The pace picks up again with Arriale’s “Slightly Off-Center”,which to these ears sounds like Thelonious Monk updated for the 21st century. There’s something of Monk’s quirkiness about Arriale’s writing here in a joyous trio performances that fairly bristles with energy. Arriale dazzles with an expansive solo that also has something of Keith Jarrett about it too, especially when she exercises her penchant for singing along with her playing. Somsen’s lively and agile bass solo re-introduces some of that Monkish quirkiness, and there’s also an animated drum feature from the irrepressible Van Hulten, prior to a final trio restatement of the theme.
Arriale’s “Another Sky” is similar in feel to the title track, reflective and lyrical in tone with the leader’s gentle piano explorations complemented by Somsen’s melodic bass soloing and Van Hulten’s filigree cymbal work.
Arriale has always had a fondness for the music of The Beatles and her previous albums have included jazz interpretations of “Come Together”, “Blackbird” and “Here Comes The Sun”. This time round her chosen vehicle is Paul McCartney’s “Let It Be”, which continues in the gently reflective mood established by the previous track. Arriale’s subtle re-harmonisation loses nothing of the hymnal quality of McCartney’s tune and the piece is similar in feel to “Give Us These Days”, melancholic, spiritual and ultimately somehow uplifting. Arriale explores the inner architecture of the song in unhurried fashion, probing softly and gently, sympathetically supported by bass and delicately brushed drums. There’s a melodic bass solo from Somsen and another immaculate ‘colourist’s’ performance from Van Hulten.
The penultimate track is Arriale’s “Over And Out”, which raises the energy levels once more, a musical sugar rush, in which an infectious, gospel flavoured snatch of melody acts as the catalyst for some of the leader’s most vivacious soloing of the set, surfing the busy rhythmic waves generated by energetic bass and drums. Somsen’s double bass solo provides a comparative pause for breath, but the leader’s spirited piano interjections ensure that it all remains pretty lively, and even more so when Van Hulten takes over for a dynamic drum feature.
Arriale is joined by guest vocalist Kate McGarry for the closing piece, a version of the song “Take It With Me”, written by Tom Waits and Kathleen Brennan. This voice and piano performance represents a kind of charming coda to the album as a whole. Inevitably McGarry’s wistful vocals sound very different to Waits’ patented rasp, but they still convey the bitter-sweet emotions of a song that has become one of the best loved in the Waits canon – and one which has also acquired something of a life of its own.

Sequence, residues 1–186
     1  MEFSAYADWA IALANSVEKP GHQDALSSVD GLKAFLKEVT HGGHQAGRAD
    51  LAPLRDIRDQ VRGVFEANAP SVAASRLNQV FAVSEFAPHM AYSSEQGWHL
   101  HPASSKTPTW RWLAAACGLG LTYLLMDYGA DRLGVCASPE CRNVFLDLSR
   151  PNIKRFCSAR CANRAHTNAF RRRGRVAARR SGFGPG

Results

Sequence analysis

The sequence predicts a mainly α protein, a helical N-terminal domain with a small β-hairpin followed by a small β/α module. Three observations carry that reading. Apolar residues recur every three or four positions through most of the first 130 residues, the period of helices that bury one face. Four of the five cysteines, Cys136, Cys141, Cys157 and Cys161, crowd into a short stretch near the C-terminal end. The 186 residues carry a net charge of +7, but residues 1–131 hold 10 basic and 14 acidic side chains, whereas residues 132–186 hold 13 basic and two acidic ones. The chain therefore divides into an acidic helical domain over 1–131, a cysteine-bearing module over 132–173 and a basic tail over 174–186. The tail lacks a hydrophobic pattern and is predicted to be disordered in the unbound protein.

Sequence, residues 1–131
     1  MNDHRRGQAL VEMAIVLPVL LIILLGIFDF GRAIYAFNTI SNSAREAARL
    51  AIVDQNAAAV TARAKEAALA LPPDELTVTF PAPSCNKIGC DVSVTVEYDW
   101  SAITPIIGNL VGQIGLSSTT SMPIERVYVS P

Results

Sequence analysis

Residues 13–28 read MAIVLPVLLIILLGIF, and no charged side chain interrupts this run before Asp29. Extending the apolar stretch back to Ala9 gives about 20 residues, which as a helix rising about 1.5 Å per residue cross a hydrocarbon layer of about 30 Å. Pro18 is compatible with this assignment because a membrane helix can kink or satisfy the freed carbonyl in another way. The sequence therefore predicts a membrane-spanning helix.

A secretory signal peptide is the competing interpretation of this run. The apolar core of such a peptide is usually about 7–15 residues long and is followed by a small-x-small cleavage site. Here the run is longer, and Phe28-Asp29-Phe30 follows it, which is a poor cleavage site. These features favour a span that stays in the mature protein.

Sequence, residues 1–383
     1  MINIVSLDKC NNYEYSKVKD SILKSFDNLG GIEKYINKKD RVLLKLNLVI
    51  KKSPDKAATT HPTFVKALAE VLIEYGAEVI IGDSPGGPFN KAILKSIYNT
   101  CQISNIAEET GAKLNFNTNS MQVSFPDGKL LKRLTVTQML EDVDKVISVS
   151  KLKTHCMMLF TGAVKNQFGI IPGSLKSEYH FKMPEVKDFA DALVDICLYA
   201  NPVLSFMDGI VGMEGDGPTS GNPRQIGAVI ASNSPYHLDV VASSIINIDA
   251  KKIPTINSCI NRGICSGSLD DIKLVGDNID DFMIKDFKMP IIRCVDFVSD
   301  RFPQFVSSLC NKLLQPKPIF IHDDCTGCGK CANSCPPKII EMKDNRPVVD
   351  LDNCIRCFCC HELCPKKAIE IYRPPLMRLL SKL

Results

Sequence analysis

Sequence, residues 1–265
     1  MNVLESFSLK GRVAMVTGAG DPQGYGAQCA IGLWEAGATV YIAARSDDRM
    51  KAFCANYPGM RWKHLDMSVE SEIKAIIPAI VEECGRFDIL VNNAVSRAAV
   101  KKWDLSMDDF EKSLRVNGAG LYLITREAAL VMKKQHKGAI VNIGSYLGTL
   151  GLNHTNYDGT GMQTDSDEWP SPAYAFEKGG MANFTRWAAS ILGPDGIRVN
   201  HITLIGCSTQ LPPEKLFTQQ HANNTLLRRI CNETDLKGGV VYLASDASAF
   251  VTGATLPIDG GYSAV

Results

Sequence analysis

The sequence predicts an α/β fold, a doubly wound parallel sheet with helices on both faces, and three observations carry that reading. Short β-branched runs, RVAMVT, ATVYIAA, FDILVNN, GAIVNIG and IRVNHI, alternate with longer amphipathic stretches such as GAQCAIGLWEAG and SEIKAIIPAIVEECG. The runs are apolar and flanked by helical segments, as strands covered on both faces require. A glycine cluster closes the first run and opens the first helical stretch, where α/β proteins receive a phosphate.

“Give Us These Days” is an excellent addition to Arriale’s already impressive discography and to the jazz piano trio canon as a whole. As an album it is particularly impressive for tackling a broad range of musical styles and also for embracing a similarly wide emotional range. Arriale is equally convincing whether she is exploring the deeply emotional territory of the title track and “Let It Be” or improvising with complete abandon on such dynamic, high energy performances as “Woodstock”, “Slightly Off-Center” and “Over And Out”.
Despite never having heard them before I’m also extremely impressed with both Somsen and Van Hulten, who totally buy into Arriale’s concept and complement her every move with acumen and total conviction. They are equally convincing on the blistering up-tempo numbers, where they form an energetic, vigorous and vital presence, as they are on the ballads, where they perform with considerable grace and taste. Their contribution more than matches that of their illustrious American predecessors and both Jaspers will be names to watch out for in the future.
The album was largely recorded in Belgium and co-producers Arriale and Somsen, together with engineers Floren Van Stichel and Steven Maes, deserve credit for a pinpoint mix that brings out all the detail and nuance in the playing.
British fans will have to wait until October 11th and 12th 2020 to see Arriale and her trio performing live when they visit the Pizza Express Jazz Club in Soho, London. Somsen will be on bass with E.J. Strickland at the drums.
In the meantime Arriale has plenty of other tour dates scheduled in the US and mainland Europe. Check http://www.lynnearriale.com for her full itinerary.blog comments powered by Disqus